Summer vacation usually means packing up the car and heading out on the open road. But for many families, particularly those with children, car sickness makes riding in a car for hours on end no fun at all! So, what causes it? And what, if anything, can you do about it?
Car sickness is when someone gets dizzy and/or nauseated while riding in the car. You can also get ‘motion’ sickness from boats, trains, airplanes, even amusement park rides - but for now we’ll stick with cars.
Motion sickness is basically the result of a conflict between the eye and the ear. The inner ear detects that the car is moving, but the eye - focused on the inside of the car - doesn’t. The brain gets confused by these conflicting signals and the result is nausea. It can start with a stomach ache and a feeling of queasiness, then progress to sweating, vomiting and in rare cases panic and confusion. ¹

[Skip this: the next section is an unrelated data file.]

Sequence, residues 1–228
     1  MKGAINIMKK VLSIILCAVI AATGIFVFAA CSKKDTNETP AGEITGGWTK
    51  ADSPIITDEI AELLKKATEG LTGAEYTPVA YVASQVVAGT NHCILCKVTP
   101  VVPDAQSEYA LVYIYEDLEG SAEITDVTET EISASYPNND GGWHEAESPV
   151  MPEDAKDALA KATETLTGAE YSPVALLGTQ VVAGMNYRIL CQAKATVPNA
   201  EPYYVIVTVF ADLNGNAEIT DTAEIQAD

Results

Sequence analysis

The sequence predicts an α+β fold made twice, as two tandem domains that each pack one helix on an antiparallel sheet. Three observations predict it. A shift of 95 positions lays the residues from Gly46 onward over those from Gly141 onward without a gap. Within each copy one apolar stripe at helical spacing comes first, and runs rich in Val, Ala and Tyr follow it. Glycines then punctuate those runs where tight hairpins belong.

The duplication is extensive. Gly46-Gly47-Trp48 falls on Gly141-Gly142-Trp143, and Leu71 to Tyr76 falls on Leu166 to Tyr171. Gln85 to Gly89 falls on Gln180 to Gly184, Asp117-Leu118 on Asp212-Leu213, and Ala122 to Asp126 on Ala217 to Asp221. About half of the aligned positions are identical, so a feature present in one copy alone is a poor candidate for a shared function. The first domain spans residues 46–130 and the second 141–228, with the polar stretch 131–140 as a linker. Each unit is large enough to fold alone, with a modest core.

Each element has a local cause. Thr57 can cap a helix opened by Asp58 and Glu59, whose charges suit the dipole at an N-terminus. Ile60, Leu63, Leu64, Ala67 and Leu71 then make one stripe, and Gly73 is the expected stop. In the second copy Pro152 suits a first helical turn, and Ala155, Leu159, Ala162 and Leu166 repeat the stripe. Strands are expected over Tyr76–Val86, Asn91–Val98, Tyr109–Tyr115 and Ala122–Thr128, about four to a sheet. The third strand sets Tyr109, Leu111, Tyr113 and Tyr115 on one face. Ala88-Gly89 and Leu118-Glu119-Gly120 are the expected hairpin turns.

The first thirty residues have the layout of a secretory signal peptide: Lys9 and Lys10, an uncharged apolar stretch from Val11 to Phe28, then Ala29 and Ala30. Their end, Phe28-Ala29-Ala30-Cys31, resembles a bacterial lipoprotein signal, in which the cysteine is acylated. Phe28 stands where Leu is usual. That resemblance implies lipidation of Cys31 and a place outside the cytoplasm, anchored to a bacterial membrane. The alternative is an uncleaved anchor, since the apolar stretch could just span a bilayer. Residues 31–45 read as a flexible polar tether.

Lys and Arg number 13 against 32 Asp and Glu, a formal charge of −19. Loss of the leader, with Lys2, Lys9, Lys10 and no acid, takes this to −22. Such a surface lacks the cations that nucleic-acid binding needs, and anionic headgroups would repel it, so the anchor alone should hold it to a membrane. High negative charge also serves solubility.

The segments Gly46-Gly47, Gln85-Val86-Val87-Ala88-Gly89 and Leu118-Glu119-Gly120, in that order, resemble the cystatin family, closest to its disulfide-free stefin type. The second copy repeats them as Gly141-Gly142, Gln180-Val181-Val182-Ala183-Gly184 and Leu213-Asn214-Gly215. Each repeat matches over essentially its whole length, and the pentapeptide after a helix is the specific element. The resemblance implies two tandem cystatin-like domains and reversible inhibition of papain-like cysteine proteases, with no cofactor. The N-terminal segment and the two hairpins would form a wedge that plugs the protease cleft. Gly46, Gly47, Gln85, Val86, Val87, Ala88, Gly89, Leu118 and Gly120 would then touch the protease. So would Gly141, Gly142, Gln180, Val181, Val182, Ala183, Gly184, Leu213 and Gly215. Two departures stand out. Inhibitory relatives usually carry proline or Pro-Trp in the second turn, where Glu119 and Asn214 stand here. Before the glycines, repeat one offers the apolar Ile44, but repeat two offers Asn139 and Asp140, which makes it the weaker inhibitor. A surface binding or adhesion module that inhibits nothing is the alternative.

It’s surprising just how many people suffer from car sickness. Adults, children and pets can all experience it. However, according to Health Canada, by far the largest group is children between the ages of three and twelve. In fact, it affects a whopping 58% of children! ²
The road to prevention
Because, no one wants to stay home all summer, here are a few ways of preventing car sickness.
And remember, if someone in the car does feel nauseous, it’s best to pull over in a safe location. And, don’t forget to bring a plastic bag - just in case!
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